Northwind Art, the visual arts nonprofit based in Port Townsend, is searching for a new executive director to guide development of its downtown gallery spaces, as well as the …
Northwind Art, the visual arts nonprofit based in Port Townsend, is searching for a new executive director to guide development of its downtown gallery spaces, as well as the Northwind Art School at Fort Worden.
Northwind Art co-founder Teresa Verraes resigned as executive director on Dec. 15, “to take a breather from full-time work,” according to communications director Diane Urbani.
Six years ago, Verraes became the founding executive director of the Port Townsend School of the Arts, which she shepherded through its merger with the Northwind Arts Center in 2021.
Northwind Art operates not only the Jeanette Best Gallery, which houses two exhibit spaces in the 1885 Waterman & Katz building at 701 Water St., but also the Northwind Art School, which occupies Buildings 306 and 324 at Fort Worden State Park.
The gallery presents seven to nine art exhibitions per year, plus artist talks and other events, while the school offers more than 120 courses, open studios, and workshops annually, targeted toward youth and adults alike.
“Northwind Art’s mission is to build community through art, to cultivate creativity, and to support artists’ growth,” Urbani said. “This aligns with our vision of an art-rich community, and a vibrant quality of life for everyone.”
Dr. Linda Rosenbury, president of Northwind Art’s board of directors, stipulated that Northwind’s new executive director must possess “a demonstrated appreciation” of the visual arts, as well as experience in nonprofit organizational fields including budgeting, fundraising, and staff leadership.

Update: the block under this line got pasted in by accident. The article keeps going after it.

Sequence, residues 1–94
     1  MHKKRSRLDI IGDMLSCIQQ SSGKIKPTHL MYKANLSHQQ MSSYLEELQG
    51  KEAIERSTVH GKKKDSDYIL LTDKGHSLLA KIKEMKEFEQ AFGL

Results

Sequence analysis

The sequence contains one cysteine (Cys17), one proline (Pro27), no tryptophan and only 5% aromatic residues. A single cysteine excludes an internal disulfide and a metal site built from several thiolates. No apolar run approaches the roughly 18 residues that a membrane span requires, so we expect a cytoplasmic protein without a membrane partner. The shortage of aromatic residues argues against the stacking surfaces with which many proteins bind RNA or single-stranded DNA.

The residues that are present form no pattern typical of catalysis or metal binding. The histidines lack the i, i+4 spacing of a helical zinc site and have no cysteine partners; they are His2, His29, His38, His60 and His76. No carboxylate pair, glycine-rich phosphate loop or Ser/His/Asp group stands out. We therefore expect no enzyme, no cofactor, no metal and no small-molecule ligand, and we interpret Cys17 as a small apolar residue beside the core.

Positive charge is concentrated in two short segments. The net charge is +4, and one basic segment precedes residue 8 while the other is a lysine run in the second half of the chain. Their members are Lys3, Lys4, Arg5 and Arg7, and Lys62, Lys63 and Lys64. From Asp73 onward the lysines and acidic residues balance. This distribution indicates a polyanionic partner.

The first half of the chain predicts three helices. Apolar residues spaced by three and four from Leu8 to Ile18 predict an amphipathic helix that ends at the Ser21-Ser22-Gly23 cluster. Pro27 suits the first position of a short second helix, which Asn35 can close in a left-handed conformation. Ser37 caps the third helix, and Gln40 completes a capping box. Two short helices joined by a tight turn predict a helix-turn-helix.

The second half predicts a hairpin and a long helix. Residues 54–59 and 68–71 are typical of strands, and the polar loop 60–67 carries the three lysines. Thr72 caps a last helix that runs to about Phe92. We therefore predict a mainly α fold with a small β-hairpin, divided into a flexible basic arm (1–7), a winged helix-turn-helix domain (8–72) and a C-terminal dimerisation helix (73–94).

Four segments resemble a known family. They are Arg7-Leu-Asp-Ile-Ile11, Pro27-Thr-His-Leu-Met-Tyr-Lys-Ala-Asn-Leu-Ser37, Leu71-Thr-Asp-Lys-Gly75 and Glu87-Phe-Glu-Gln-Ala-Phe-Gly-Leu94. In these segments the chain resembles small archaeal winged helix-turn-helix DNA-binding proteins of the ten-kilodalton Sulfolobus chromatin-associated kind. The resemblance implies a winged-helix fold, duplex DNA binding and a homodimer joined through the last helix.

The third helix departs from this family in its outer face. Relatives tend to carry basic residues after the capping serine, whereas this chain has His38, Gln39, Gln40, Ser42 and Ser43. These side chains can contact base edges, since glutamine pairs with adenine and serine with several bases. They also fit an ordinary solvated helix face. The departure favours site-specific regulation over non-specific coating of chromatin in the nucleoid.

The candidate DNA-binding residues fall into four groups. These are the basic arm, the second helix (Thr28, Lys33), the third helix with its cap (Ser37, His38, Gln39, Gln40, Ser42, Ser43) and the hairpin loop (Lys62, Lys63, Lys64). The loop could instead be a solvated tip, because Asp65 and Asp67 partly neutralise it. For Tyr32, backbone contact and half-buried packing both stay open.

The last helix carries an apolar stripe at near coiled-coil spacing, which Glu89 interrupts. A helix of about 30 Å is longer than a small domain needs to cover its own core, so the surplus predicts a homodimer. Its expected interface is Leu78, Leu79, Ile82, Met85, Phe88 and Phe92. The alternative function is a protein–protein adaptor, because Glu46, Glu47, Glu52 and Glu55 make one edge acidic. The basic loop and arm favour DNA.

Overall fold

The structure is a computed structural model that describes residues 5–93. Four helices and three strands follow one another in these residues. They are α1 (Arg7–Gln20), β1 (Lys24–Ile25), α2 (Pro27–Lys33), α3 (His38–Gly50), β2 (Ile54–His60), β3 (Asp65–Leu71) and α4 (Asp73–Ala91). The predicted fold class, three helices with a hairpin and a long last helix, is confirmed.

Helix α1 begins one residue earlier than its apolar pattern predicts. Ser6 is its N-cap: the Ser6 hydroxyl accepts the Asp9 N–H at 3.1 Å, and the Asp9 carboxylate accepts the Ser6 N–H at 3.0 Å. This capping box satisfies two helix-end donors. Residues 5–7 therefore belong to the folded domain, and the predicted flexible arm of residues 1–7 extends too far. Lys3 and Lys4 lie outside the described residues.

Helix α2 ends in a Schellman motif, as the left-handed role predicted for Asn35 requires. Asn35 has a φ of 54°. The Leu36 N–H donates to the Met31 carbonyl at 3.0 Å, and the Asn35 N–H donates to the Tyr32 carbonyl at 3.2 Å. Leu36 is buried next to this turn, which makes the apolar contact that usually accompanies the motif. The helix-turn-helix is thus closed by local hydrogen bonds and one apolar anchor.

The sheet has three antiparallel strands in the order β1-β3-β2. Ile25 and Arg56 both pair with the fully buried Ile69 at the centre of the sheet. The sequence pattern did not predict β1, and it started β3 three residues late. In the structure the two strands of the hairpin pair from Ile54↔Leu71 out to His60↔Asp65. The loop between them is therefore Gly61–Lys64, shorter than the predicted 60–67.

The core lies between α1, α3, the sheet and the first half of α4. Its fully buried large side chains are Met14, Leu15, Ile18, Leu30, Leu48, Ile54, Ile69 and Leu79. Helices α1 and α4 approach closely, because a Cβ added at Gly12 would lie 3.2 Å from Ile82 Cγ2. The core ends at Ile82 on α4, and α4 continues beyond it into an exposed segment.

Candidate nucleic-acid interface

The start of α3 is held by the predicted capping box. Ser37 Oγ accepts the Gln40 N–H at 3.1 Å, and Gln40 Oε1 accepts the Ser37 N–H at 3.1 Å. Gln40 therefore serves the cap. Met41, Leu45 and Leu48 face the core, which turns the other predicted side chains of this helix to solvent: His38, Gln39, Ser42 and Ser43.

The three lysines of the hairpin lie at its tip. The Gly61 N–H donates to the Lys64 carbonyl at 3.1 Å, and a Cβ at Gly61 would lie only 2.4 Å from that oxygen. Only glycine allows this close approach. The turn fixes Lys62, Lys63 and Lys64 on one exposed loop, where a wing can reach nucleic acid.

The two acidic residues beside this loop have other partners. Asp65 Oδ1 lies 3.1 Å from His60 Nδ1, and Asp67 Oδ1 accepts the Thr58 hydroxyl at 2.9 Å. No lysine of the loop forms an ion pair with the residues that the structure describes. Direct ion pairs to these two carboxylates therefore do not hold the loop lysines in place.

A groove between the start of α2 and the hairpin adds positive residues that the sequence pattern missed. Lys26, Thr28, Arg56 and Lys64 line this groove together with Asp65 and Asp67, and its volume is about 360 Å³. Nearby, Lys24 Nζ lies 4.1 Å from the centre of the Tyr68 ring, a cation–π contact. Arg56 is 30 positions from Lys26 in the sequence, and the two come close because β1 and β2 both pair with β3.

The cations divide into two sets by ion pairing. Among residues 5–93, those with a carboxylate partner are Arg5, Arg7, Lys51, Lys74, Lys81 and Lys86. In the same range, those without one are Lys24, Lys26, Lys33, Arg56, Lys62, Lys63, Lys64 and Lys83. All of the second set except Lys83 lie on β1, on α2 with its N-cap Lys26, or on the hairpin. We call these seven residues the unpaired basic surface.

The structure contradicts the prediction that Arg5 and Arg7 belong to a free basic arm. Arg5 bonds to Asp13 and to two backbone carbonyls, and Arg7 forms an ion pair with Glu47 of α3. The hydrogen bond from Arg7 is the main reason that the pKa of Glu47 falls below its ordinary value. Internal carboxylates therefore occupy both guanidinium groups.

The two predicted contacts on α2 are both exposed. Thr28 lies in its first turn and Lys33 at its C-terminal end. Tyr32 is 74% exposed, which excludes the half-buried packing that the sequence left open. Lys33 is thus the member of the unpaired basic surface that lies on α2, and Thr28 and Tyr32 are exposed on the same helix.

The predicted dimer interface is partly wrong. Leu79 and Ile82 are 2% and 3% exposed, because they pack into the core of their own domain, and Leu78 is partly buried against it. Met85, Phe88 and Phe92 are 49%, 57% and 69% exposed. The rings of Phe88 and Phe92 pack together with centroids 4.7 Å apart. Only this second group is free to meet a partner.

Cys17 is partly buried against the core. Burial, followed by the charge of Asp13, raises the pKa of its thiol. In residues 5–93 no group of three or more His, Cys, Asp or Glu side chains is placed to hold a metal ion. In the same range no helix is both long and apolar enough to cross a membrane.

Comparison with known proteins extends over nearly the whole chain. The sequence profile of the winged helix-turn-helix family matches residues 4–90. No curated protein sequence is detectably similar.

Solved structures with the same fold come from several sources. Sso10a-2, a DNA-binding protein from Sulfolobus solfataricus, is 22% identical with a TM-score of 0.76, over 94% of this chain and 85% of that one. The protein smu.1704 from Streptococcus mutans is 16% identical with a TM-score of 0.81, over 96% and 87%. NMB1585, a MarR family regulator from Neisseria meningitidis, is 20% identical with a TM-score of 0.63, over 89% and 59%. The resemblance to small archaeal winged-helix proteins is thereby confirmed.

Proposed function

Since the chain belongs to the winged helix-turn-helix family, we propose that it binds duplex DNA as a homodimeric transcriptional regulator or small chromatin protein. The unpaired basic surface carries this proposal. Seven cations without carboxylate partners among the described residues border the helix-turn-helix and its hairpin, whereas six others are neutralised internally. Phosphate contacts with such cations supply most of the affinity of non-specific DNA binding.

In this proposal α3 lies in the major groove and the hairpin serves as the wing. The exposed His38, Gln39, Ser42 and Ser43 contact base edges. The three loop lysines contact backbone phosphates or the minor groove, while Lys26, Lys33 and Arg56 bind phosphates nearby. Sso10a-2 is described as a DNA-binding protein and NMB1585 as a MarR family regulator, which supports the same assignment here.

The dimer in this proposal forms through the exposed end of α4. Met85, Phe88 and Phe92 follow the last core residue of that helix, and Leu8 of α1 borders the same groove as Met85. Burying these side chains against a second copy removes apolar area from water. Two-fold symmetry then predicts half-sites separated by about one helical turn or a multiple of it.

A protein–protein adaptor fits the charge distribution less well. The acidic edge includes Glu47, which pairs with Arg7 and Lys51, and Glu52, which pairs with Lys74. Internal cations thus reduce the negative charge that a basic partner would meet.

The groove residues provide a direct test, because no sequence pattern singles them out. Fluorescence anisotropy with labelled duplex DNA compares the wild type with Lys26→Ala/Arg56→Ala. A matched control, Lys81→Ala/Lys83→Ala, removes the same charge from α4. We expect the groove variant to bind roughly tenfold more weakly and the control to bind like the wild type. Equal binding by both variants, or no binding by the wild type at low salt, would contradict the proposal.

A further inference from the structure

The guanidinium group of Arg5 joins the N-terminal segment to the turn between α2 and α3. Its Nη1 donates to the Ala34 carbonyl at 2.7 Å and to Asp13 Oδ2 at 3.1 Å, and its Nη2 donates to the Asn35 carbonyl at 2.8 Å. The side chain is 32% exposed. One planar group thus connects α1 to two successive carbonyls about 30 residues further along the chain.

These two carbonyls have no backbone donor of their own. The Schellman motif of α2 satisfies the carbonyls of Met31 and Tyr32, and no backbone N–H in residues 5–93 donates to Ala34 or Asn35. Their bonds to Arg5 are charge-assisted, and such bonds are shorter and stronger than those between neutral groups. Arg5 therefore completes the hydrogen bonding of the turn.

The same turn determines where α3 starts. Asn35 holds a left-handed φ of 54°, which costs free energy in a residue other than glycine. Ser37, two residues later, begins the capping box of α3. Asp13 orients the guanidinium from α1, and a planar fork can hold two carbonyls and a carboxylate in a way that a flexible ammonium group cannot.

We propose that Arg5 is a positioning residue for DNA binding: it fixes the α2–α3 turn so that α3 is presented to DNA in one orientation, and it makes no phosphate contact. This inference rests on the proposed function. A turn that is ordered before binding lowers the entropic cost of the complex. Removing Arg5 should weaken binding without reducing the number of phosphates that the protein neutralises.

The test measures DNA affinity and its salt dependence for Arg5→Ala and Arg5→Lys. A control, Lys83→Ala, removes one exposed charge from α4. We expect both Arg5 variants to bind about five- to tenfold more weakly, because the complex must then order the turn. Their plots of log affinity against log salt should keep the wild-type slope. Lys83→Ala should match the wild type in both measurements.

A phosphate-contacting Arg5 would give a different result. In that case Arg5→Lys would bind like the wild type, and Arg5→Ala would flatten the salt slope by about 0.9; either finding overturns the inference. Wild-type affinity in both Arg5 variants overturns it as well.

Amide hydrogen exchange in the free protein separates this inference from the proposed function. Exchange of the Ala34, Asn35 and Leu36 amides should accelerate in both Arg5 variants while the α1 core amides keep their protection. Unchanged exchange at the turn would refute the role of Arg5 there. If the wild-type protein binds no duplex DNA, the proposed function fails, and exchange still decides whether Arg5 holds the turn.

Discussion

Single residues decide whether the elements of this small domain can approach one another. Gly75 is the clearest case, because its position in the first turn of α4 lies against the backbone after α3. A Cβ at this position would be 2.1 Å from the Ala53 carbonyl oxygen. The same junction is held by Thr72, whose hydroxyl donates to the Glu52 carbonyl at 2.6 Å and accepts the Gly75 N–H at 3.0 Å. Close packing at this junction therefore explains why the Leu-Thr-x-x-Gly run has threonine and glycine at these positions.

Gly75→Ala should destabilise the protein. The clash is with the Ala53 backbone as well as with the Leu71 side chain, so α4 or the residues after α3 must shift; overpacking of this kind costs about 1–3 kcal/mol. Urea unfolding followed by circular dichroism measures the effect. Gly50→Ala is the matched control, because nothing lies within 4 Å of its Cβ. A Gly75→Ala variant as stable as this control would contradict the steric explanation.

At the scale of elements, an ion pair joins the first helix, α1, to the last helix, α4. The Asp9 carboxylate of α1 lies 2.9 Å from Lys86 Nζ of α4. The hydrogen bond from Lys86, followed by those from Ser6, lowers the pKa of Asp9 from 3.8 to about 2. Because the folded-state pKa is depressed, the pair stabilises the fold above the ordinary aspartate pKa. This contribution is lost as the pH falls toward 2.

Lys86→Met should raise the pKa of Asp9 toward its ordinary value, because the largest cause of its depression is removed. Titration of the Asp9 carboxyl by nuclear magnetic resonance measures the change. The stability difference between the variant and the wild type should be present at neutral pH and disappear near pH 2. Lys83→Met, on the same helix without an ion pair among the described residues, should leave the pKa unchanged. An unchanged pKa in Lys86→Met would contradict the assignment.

Rosenbury also emphasized that applicants should be comfortable with databases, websites, and systems management.
In a public statement, Northwind called for its new leader to inspire and empower its staff; support its mission, vision and goals, and inspire the same in others; and to foster strong relationships with its donors, board, and partner organizations.
"The best bosses I've worked with in the nonprofit sector were careful to keep the whole staff informed,” Urbani said. “When we received a grant or donation from a community member, the executive director would tell us about it. They likewise told us about changes that were coming up, such as staff members resigning. They built a culture of openness, and that does a great deal for morale."
Rosenbury elaborated that the executive director’s priorities will include implementing a three-to-five-year financial plan balancing earned and contributed income, while also recruiting volunteers and “investing in a healthy organizational culture.”
Urbani noted the new director will be tasked with overseeing the completion of renovations at Fort Worden to yield the full utilization of Northwind’s buildings there.
And since Northwind Art is recognized as a leader in the arts community, Rosenbury specified that the new executive director would be expected to “nurture and grow” collaborations with other creative nonprofits in Jefferson County, as well as to cultivate relationships with the Olympic Peninsula’s tribes.
The executive director reports to the board of directors, supervises all Northwind Art staff members, and would have a salary range of $70,000 to $88,000, depending on their experience.
For more information on Northwind, visit northwindart.org online. To inquire about the executive director position, submit a cover letter, resume and contact information for three references via email to EDsearch@northwindart.org.
“We expect to begin initial interviews via Zoom by late February,” Urbani said. “Once finalists are selected, they will be invited to an in-person interview process that will include meeting key stakeholders and touring the community and Northwind’s galleries and school.”
In the meantime, Urbani spoke about how fortunate Northwind is to have artist and businesswoman Martha Worthley as its interim executive director.
“She's spent the past five weeks asking us questions about our respective jobs, and really listening to our responses,” Urbani said. “She's also scheduled a staff and board retreat next week, so we can plan together for the new year.
“One really important quality of a nonprofit organization's leader is helping keep the mission prominent in our minds,” Urbani said. “In our day-to-day work, we can stay inspired by the deeper 'why' of what we're doing. Northwind's mission is to build community through art. That's what keeps me motivated."